6 their mail client downloading the remote image. 6 While ReadNotify.com forbids spoofing in their TOS, the service has a vulnerability known to the attackers (and which we confirmed) that allows spoofing the From address by directly setting the parameters on a submission form on their website We have not found evidence suggesting this vulnerability is publicly known, but it appears clear that the attacker exploited it, as the web form adds a X-Mai1er: RNwebmail header not added when sending through ReadNotify.com s other supported methods. The header appeared in each the targets forwarded to us. When spoofing using this method, the original sender address still appears in X-Sender and other headers. According to these, the s received by the targets all came from A link sent in one of these e- mails was connected to the al9mood bit.ly account. In monitoring accounts connected to al9mood, we counted more than 200 IP spy links in Twitter messages and public Facebook posts. Attackers often used (1) accounts of prominent or trusted but jailed individuals like Red Sky, (2) fake personas (e.g., attractive women or fake job seekers when targeting a labor union), or (3) impersonations of legitimate accounts. In one particularly clever tactic, attackers exploited Twitter s default font, for example substituting a lowercase l with an uppercase I or switching vowels (e.g. from a to an e ) to create at-a-glance identical usernames. In addition, malicious accounts tended to quickly delete IP spy tweets sent via (public) mentions, and frequently change profile names. 4.2 Syria The use of RATs against the opposition has been a welldocumented feature of the Syrian Civil War since the first reports were published in early 2012 [36, 39, 40, 32, 34]. The phenomenon is widespread, and in our experience, most members of the opposition know that some hacking is taking place. As summarized in Table 3, the attacks often include fake or maliciously packaged security tools; intriguing, or ideological, or movement-relevant content (e.g. lists of wanted persons). The seeding techniques and bait files suggest a good understanding of the opposition s needs, fears and behavior, coupled with basic familiarity with off-the-shelf RATs. In some cases attacks occur in a context that points to a more direct connection to one of the belligerents: the Syrian opposition has regularly observed that detainees accounts begin seeding malware shortly after their arrest by government forces [41]. Researchers and security professionals have already profiled many of these RATs, including DarkComet [42, 43], Blackshades Remote Controller [38], Xtreme RAT [44], njrat [26], and ShadowTech [36]. Some are available for purchase by anyone, in contrast to government only FinSpy and RCS. For example, Xtreme RAT retails for e350, while a version of Blackshades lists for e40. Others, like DarkComet, are free. We have also observed cracked versions of these RATs on Arabiclanguage hacker forums, making them available with little effort and no payment trail. While the RATs are cheaper and less 6 YahooMail and the iphone mail client automatically load these remote images, especially in s spoofed from trusted senders. sophisticated than FinSpy and RCS, they share the same basic functionality, including screen capture, keylogging, remote monitoring of webcams and microphones, remote shell, and file exfiltration. In the most common attack sequence we observed, illustrated with three examples in Figure 3, the attacker seeds malware via private chat messages, posts in opposition-controlled social media groups, or . These techniques often limit the world-visibility of malicious files and links, slowing their detection by common AV products. Typically, targets receive either (1) a PE in a.zip or.rar, (2) a file download link, or (3) a link that will trigger a drive-by download. The messages usually include text, often in Arabic, that attempts to persuade the target to execute the file or click the link. The first attacks in Figure 3 date to 2012, and use bait files with a DarkComet RAT payload. These attacks share the same C&C, , a Syrian IP address belonging to the Syrian Telecommunications Establishment, and publicly reported as a C&C of Syrian malware since February 2012 [45]. The first bait file presents to the victim as a PDF containing information about a planned uprising in Aleppo. In fact the file is a Windows Screensaver (.scr) that masquerades as a PDF using Unicode RLO, rendering a name such as.fdp.scr display to the victim as.rcs.pdf. The second bait file is a dummy program containing DarkComet while masquerading as a Skype call encryption program, playing to opposition paranoia about government backdoors in common software. The third attack in Figure 3, observed in October 2013, entices targets with s purporting to contain or link to videos about the current conflict, infecting victims with Xtreme RAT, and using the C&C tn1.linkpc.net. For seeding, the attackers typically use compromised accounts (including those of arrested individuals) or fake identities masquerading as pro-opposition. Our illustration shows in abstract terms the use of Victim A s account to seed malware ( Aleppo Plan ) via (say) Skype messages to Victim(s) B n. In the cases of Opp. Member C and NGO Worker D (here, actual victims, not abstract), targeting was by from domains apparently belonging to opposition groups, indicating a potential compromise. One domain remains active, hosting a website of the Salafist Al-Nusra front [46], while the other appears dormant. Opp. Member C received a malicious file as an attachment, while NGO Worker D was sent a shortened link (url[.]no/uu5) to a download from a directory of Mrconstrucciones[.]net, 7 a site that may have been compromised. Both attacks resulted in an Xtreme RAT infection. Interestingly, in the case of the fake Skype encryption the deception extended to a YouTube video from IT Security Lab [47] demonstrating the program s purported capabilities, as well as a website promoting the tool, skypeencryption.sytes.net. The attackers also constructed a basic, faux GUI for their Encryption program (see Figure 4). The fake GUI has a number of non-functional buttons like Encrypt and DeCrypt, which generate fake prompts. While distracted by this meaningless interaction, the victim s machine is infected with DarkComet 3.3 [32, 33]. Anecdotally, campaign volume appears to track significant 7 Obfuscated to avoid accidental clicks on active malware URLs. 6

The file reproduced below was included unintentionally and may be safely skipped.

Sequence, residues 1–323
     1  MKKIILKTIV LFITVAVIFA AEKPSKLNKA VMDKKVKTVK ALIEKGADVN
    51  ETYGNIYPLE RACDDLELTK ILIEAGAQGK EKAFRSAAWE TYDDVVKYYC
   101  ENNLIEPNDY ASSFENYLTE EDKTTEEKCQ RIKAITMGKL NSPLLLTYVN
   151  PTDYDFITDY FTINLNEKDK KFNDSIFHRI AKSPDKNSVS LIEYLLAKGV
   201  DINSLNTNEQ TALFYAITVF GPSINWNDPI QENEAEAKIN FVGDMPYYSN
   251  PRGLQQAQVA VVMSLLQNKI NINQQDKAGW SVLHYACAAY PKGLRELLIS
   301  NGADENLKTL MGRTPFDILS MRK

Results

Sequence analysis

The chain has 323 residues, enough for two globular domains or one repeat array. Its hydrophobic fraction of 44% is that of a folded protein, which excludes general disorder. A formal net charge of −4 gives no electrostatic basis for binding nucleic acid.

7 ble comprehensive evidence of linkages between government actors and malware campaigns. Moreover, many individuals whose identities have been compromised are in prison or otherwise disappeared, and thus unable to relate the evidence presented to them during interrogation. Still, strong circumstantial evidence links the use of RATs, phishing, and government activity, which we briefly summarize here: (1) many Syrians have recounted to journalists and the authors how interrogators confronted them with material from their computers. For example: The policeman told me, Do you remember when you were talking to your friend and you told him you had something wrong [sic] and paid a lot of money? At that time we were taking information from your laptop. [41] (2) Syrian activists have supplied cases to international journalists [41], where arrests are quickly followed by the social media accounts of detained individuals seeding malware to contact lists (Figure 3). (3) Finally, despite the notoriety of the attack campaigns, including mention of C&C IPs in international media [45], the Syrian government has made no public statements about these campaigns nor acted to shut down the servers. Beyond the ongoing challenges of attribution, these malware campaigns have a tangible impact on the Syrian opposition, and generally align with the interests of the Syrian government s propaganda operations. The case of Abdul Razzaq Tlass, a leader in the Free Syrian Army, is illustrative of the potential uses of such campaigns. In 2012 a string of videos emerged showing Tlass sexting and engaged in lewd activity in front of a webcam [49]. While he denied the videos, the harm to his reputation was substantial and he was eventually replaced [50]. 4.3 UAE While the UAE has experienced no recent uprising or political unrest, it has nevertheless cracked down on its opposition, concurrent with the Arab Spring. The first attacks we observed in the UAE involved a government-grade lawful interception trojan known as Remote Control System (RCS), sold by the Italian company Hacking Team. The associated C&C server indicated direct UAE government involvement. Over time, we stopped receiving RCS samples from UAE targets, and instead observed a shift to the use of off-the-shelf RATs, and possible involvement of cyber-mercenary groups. However, poor attacker operational security allowed us to link most observed attacks together. RCS. UAE activist Ahmed Mansoor (per Figure 5), imprisoned from April to November 2011 after signing an online prodemocracy petition [51], received an purportedly from Arabic Wikileaks in July He opened the associated attachment, veryimportant.doc, and saw what he described as scrambled letters. He forwarded us the for investigation. The attachment exploited CVE , an RTF parsing vulnerability in Microsoft Office. The document did not contain any bait content, and part of the malformed RTF that triggered the exploit was displayed in the document. The exploit loaded shellcode that downloaded a second stage 8 UAE Gov't ar-24.com Ahmed RCS HackingTeam CVE Laptop infected Author 3-Stage Exploit Kit wikileaks veryimportant account compromised owner.no-ip.biz Xtreme RAT Communicated via Figure 5: Part of the ecosystem of UAE surveillance attacks. from ar-24.com, which in turn downloaded spyware from ar-24.com. We denote this combination as the 3-Stage Exploit Kit in Figure 5. The C&C server also ran on ar-24.com. When we obtained the sample in July 2012, ar-24.com resolved to an IP address on Linode, a hosting provider. Three months later, it resolved to a UAE address belonging to the Royal Group [52], an organization linked to the UAE government; it is chaired by Sheikh Tahnoon bin Zayed Al-Nayhan, a member of the UAE ruling family and a son of the founder of the UAE. Identification as RCS: We identified strings in memory that matched those in a Symantec analysis [53] of RCS (also known as DaVinci or Crisis), a product of the Italian company Hacking Team [54]. We also located a structurally similar Word document via VirusTotal. The document used the same exploit and attempted to download a second stage from rcs-demo.hackingteam.it, which was unavailable at the time of testing. Analysis of capabilities: RCS has a suite of functionality largely similar to FinSpy. One difference was in the vectors used to install the spyware. We located additional samples (see 5), some of which were embedded in a.jar file that installs an OS-appropriate version of RCS (Windows or OSX), optionally using an exploit. If embedded as an applet, and no exploit is present, Java displays a security warning and asks the user whether they authorize the installation. We also saw instances of the 3-Stage Exploit Kit where the first stage contained a Flash exploit; in some cases, we could obtain all stages and confirm that these installed RCS. Some samples were packed with the MPress packer [55], and some Windows samples were obfuscated to look like the PuTTY SSH client. Another difference is in persistence. For example, the RCS sample sent to Ahmed adds a Run registry key, whereas the FinSpy samples used in Bahrain overwrite the hard disk s boot sector to modify the boot process; the spyware is loaded be-